What better occasion than Presidents' Day to look back at some rather shocking, uncharacteristic behavior from our country's two greatest Presidents? On the cover of Rip Hunter...Time Master #23 (1964), we see what appears to be George Washington ordering the execution of Mr. Hunter...both of whom believe the other to be a British spy!
Flashing forward in time to Weird Western Tales #53 (1979), we see Abraham Lincoln in a heated arm-wrestling match with Scalphunter, a white man raised as an American Indian (with a portrait of George Washington gazing serenely over his left shoulder).
Of course, it's highly unlikely George Washington was visited by a time-traveling adventurer or a snarling Abraham Lincoln arm-wrestled a pseudo-Indian...so for those of you who might be interested in the real history of these amazing statesmen, here's a few "real" books I heartily recommend:
Washington: The Indispensable Man by James Thomas Flexner. In this one volume distillation of his award-winning four volume Washington biography, Flexner makes it clear that the United States we know today might never have come to be without this exceptional man and his remarkable leadership. At the same time, Flexner does a wonderful job of humanizing his subject by exploring the many facets of Washington's life as a farmer, a soldier, and as a statesman.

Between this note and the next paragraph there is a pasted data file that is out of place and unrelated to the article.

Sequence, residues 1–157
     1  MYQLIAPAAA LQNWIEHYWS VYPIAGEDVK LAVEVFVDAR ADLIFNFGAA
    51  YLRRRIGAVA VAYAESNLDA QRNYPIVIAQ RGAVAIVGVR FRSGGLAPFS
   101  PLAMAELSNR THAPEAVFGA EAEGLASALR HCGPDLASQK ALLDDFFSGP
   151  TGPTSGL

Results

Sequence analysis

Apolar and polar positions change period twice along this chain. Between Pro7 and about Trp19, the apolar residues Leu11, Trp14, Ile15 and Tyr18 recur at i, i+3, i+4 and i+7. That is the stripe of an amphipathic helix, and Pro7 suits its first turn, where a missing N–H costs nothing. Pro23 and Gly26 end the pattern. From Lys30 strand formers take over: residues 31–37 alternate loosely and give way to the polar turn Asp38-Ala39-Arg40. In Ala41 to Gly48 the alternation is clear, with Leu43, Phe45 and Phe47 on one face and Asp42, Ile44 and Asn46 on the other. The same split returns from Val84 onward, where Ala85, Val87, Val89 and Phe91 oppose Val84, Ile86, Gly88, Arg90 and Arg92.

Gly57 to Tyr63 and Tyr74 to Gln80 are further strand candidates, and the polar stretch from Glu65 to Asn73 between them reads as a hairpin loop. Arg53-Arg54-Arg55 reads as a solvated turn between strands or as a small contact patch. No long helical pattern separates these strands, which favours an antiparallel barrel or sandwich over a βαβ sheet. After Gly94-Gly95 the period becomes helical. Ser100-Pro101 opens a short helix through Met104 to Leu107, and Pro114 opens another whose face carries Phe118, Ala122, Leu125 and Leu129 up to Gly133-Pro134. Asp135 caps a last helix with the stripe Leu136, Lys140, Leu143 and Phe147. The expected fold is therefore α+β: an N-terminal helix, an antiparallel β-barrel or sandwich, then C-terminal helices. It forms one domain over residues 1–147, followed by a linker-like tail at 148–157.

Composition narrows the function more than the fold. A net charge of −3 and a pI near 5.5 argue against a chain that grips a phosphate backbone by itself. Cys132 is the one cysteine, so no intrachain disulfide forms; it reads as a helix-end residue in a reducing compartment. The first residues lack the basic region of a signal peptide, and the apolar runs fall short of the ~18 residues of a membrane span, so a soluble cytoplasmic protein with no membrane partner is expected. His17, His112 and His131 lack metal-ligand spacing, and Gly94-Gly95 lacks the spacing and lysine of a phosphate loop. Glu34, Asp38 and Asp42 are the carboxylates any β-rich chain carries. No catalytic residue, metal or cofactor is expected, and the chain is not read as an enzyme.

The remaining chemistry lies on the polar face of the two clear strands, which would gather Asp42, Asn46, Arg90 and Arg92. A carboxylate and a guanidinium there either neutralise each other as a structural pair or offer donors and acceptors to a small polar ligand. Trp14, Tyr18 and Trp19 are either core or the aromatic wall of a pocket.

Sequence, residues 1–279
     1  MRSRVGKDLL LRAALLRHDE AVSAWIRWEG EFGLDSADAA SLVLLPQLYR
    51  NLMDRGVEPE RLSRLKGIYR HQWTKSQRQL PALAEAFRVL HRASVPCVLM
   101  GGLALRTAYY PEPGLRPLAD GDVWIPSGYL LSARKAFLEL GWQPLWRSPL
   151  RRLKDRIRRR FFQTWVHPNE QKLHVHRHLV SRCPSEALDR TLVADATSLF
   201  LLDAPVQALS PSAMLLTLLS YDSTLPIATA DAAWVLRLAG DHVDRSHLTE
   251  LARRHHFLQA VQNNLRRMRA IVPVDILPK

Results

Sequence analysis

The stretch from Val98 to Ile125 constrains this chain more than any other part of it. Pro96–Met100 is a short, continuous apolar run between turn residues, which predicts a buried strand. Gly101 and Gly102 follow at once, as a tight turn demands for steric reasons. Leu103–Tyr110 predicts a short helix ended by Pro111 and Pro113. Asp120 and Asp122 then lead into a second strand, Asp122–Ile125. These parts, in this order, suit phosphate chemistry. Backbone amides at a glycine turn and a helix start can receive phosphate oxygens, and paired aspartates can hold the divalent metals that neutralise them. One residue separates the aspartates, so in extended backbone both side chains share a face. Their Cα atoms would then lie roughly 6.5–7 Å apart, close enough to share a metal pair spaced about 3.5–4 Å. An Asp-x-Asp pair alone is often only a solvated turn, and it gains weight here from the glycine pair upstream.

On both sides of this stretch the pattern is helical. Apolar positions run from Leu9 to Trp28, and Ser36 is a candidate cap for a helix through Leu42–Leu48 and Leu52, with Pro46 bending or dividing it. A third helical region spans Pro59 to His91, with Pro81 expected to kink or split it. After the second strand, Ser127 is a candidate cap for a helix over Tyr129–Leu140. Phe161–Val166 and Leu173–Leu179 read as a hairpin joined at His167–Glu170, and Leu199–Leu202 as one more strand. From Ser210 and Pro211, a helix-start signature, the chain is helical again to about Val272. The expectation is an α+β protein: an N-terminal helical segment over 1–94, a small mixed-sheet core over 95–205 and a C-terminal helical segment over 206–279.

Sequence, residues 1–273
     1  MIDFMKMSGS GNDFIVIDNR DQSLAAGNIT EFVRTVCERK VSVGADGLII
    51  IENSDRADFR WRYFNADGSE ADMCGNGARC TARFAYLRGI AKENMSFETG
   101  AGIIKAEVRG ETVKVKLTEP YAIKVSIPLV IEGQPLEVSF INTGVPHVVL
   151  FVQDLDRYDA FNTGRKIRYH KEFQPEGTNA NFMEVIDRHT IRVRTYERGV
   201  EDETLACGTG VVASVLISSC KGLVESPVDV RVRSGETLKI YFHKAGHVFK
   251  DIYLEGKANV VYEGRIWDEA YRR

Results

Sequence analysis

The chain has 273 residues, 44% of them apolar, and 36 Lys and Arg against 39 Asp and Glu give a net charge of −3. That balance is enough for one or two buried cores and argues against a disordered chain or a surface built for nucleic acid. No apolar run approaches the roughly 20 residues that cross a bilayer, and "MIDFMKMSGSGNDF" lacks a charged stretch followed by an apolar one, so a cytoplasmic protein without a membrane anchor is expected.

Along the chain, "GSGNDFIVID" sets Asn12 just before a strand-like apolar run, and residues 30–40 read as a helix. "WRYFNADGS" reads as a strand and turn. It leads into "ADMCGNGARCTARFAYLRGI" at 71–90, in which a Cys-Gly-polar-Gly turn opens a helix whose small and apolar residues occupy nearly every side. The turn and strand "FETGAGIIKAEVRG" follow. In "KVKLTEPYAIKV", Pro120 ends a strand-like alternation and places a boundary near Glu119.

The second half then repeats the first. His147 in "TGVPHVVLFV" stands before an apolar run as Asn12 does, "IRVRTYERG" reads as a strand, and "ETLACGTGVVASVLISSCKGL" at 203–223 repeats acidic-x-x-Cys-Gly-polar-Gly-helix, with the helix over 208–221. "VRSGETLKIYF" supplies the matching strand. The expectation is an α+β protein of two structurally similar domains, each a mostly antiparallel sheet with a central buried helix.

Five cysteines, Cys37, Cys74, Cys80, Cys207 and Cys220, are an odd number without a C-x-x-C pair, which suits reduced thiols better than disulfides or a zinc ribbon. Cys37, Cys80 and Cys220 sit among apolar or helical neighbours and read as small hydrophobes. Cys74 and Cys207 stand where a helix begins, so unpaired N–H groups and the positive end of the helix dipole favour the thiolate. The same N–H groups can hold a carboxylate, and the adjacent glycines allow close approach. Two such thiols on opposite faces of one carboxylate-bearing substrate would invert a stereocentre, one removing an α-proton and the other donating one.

Land of Lincoln: Adventures in Abe's America by Andrew Ferguson. This book isn't really a straight up biography, but in many ways, it's more interesting than one. Throughout the book, Ferguson (a self-admitted Lincoln buff) visits a wide variety of people and places associated with our 16th President. Some are the places you'd expect (like a Lincoln museum), others not (like a convention of Lincoln impersonators, or another convention of Lincoln haters). He also visits a number of die hard Lincoln memorabilia collectors, as well as history professors...who each seem to have their own wildly divergent opinions on who Lincoln was and what made him tick. What emerges from this fascinating book is just how elusive the "real" Lincoln is, and how so many different groups project their own unique agendas or pet philosophies upon the man's legacy. Carrying the book along is Ferguson's wonderful writing, which offers a bemused perspective on the touching, perplexing, hilarious, or downright strange permutations of Lincoln's enduring legend.